dscn5589-sm.jpgDr Charles Delacollette of WHO reminded participants that community engagement is not new to the World Health Organization and member states, and in fact was the foundation of the 1978 Alma Ata Declaration on Primary Health Care.  Reaching back farther, Dr Delacollette recalled that the malaria eradication effort begun in the 1950s was possibly the first international disease control program to reach out to the remotest communities.  He explained that these foundations today manifest in hundreds of thousands of community health workers and volunteers based in villages throughout the Asia Pacific Region.  Other trends in health system reform include decentralization that can give more power to consideration of local priorities.

Dr. Maxine Whittaker of the University of Queensland, and one of the workshop organizers, stressed that a key theme of this meeting is “bringing the human back into malaria control and intervention.” She drew attention to the fact that at the heart of the six WHO key health systems elements should be a seventh, the ‘people’ who must be partners in strengthening health systems.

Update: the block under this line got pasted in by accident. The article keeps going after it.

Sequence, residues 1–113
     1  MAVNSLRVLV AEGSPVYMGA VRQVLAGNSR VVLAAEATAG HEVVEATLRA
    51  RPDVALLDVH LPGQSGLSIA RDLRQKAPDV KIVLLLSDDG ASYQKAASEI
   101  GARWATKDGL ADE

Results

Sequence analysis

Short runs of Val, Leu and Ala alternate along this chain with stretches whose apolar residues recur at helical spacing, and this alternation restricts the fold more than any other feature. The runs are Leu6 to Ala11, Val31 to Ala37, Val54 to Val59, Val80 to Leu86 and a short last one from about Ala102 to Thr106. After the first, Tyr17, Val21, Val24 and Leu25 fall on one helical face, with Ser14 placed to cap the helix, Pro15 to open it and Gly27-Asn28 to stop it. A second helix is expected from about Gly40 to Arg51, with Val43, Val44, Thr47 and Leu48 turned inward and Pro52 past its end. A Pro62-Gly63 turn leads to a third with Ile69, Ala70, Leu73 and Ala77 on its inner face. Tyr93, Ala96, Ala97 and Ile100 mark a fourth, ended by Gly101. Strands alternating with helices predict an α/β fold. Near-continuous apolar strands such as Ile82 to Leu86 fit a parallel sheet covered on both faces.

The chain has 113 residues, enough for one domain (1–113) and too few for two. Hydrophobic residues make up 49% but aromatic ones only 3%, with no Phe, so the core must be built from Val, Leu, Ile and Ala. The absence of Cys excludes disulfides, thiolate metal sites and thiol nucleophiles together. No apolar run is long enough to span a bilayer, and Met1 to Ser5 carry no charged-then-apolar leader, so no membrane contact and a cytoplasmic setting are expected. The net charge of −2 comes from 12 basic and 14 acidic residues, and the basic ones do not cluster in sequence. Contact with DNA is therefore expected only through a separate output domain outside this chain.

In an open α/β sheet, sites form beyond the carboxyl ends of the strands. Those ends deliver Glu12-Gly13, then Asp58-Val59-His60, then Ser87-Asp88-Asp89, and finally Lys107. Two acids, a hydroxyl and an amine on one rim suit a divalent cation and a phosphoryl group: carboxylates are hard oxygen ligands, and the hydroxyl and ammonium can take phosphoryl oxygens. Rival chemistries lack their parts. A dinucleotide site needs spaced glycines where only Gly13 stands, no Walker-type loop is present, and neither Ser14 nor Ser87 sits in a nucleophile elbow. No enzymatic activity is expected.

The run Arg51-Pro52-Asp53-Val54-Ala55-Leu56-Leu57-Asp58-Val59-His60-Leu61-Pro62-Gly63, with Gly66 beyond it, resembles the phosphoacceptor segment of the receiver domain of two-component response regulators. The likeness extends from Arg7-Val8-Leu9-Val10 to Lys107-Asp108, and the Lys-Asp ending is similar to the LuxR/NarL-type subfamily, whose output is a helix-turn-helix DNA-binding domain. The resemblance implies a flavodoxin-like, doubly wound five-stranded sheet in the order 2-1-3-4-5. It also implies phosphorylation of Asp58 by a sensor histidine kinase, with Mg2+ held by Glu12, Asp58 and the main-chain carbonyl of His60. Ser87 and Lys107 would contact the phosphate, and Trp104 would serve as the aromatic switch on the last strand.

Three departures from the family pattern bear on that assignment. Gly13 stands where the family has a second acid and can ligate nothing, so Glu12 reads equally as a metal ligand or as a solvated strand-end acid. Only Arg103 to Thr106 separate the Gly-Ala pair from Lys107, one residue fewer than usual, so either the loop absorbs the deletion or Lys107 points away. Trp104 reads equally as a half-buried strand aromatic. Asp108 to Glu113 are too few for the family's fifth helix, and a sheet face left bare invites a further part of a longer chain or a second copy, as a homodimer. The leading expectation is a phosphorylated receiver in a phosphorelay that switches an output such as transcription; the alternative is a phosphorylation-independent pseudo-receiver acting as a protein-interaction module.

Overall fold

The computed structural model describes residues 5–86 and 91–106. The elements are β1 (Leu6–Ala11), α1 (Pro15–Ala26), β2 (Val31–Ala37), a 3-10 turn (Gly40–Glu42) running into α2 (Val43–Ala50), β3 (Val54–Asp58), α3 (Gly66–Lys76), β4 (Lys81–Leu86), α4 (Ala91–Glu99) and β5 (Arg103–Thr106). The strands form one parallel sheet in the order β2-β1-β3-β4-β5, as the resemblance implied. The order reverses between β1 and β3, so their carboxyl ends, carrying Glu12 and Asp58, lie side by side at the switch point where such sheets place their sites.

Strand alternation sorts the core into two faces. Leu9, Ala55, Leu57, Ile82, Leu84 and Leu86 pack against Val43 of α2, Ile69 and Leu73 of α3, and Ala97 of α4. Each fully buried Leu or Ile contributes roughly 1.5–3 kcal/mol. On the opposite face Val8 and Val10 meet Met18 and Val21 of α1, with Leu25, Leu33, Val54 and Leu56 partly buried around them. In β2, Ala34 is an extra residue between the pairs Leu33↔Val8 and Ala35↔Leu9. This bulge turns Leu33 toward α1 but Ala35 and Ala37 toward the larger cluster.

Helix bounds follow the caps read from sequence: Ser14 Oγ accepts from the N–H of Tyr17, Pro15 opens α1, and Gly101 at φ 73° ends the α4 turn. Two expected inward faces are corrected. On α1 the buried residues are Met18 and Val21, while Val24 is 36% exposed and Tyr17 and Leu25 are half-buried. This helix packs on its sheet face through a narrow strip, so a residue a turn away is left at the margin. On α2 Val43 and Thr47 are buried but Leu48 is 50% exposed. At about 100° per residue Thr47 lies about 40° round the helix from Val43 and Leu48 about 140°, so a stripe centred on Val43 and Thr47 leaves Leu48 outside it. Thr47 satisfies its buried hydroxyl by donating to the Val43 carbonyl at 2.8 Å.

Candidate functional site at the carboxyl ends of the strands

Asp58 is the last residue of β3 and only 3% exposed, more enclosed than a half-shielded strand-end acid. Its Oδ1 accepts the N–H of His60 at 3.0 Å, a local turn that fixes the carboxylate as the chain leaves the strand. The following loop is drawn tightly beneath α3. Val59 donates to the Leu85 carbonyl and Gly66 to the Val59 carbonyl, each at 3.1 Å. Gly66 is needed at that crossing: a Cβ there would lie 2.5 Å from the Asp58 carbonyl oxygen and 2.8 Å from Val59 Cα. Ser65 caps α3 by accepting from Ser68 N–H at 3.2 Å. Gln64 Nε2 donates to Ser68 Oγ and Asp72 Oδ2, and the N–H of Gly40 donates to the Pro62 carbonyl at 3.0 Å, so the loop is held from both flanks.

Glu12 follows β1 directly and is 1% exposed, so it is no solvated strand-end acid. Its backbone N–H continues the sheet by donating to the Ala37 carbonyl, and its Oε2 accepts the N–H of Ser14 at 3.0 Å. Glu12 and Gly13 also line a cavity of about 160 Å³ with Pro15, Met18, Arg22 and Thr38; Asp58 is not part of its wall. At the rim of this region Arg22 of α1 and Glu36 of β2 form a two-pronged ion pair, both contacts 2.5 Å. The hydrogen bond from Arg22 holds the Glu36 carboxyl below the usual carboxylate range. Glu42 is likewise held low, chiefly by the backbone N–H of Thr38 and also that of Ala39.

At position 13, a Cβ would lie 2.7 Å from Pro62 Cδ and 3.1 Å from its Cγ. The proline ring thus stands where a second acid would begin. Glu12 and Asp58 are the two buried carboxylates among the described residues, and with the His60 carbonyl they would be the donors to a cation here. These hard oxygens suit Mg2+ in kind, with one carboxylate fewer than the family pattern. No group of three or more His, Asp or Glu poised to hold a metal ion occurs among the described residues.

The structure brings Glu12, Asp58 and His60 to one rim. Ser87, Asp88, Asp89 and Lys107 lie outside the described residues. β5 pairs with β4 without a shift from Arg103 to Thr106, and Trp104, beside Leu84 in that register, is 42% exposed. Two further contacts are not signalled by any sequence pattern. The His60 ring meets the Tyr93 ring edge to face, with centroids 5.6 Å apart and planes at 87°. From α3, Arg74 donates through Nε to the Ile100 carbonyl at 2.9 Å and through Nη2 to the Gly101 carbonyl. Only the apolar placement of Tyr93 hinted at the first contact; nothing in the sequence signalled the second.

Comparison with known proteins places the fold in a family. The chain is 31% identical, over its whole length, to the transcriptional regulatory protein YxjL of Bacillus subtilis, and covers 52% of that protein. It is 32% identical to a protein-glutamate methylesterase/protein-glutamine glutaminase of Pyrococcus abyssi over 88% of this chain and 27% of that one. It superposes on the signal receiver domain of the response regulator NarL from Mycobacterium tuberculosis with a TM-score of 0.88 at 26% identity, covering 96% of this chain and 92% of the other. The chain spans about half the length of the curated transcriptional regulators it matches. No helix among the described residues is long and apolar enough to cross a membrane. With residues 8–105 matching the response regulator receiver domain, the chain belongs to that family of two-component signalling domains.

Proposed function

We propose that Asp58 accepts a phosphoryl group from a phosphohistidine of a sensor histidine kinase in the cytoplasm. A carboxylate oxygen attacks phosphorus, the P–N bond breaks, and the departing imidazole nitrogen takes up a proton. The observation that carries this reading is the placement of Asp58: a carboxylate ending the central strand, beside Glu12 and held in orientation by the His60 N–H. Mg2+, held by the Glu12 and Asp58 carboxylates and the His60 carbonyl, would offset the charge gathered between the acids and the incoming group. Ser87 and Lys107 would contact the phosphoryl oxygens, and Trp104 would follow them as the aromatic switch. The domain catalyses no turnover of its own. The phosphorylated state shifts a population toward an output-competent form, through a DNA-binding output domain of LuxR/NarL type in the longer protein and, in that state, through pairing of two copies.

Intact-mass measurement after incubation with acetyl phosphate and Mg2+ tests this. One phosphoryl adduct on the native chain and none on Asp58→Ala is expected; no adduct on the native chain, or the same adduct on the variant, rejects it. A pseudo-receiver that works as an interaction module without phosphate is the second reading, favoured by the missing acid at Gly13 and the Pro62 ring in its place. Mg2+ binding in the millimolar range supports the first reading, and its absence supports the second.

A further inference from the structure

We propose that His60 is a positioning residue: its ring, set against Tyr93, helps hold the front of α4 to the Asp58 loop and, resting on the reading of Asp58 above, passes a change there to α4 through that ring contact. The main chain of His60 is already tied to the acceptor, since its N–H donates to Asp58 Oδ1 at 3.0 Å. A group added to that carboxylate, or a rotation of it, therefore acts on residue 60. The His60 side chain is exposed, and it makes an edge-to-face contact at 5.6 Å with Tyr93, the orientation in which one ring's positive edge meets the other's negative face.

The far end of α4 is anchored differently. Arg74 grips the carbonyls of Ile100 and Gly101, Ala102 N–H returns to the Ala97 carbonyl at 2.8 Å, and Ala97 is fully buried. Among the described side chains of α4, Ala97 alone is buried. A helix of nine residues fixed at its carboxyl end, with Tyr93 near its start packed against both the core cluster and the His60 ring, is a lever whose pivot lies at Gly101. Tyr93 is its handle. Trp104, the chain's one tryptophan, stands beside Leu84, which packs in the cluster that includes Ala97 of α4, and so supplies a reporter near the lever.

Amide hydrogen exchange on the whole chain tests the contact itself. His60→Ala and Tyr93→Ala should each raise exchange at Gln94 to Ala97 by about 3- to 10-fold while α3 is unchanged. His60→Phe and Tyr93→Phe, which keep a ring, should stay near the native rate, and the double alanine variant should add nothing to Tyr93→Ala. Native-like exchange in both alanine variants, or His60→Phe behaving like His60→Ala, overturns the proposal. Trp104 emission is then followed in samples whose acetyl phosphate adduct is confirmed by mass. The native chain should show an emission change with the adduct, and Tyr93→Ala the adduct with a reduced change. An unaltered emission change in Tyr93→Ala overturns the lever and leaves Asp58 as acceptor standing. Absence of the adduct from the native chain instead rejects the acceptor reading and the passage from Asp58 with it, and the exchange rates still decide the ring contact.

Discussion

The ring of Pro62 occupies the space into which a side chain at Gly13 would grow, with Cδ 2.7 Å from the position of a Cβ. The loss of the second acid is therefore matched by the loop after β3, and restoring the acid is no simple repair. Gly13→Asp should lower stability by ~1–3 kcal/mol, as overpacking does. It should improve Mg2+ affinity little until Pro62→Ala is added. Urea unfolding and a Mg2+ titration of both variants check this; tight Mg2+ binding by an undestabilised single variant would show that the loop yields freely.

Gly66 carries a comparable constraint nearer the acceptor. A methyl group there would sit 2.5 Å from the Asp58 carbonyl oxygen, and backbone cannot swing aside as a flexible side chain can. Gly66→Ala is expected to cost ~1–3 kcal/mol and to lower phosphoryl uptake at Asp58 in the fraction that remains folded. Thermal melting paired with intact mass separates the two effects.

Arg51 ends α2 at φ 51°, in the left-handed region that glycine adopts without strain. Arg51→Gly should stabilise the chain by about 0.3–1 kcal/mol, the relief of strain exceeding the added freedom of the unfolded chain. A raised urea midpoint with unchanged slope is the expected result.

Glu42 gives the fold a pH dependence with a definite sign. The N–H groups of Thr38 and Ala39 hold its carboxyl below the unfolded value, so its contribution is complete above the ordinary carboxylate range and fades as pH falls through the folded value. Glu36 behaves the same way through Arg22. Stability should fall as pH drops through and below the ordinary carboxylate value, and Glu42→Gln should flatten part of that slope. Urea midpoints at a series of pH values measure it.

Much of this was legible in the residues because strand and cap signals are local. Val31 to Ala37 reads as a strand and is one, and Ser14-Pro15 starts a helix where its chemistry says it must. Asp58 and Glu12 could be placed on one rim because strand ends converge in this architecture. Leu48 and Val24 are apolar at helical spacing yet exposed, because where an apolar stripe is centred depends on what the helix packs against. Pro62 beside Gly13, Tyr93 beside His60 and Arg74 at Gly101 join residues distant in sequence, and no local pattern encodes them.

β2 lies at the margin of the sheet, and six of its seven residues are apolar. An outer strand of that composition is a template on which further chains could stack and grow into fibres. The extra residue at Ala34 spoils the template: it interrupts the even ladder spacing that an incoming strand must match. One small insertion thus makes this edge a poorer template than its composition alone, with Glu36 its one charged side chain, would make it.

dscn5594-sm.jpgJo-An Atkinson, also of the University of Queensland reviewed the 60-year history of community participation in disease control and elimination.  An important lesson was the need for better documentation of evidence of what works in terms of community engagement strategies, especially in terms of impact on diseases. Jo-An outlined a variety of factors that influence a community’s ability and willingness to engage in disease control activities ranging from gender and power relationships to lack of congruence between community perceived priorities and agency targets.

Ultimately the challenge to participants posed during this first session was the need to begin the process of establishing best practice guidelines for community engagement in malaria elimination before the end of the meeting.

Community &Eradication Bill Brieger | 21 Nov 2011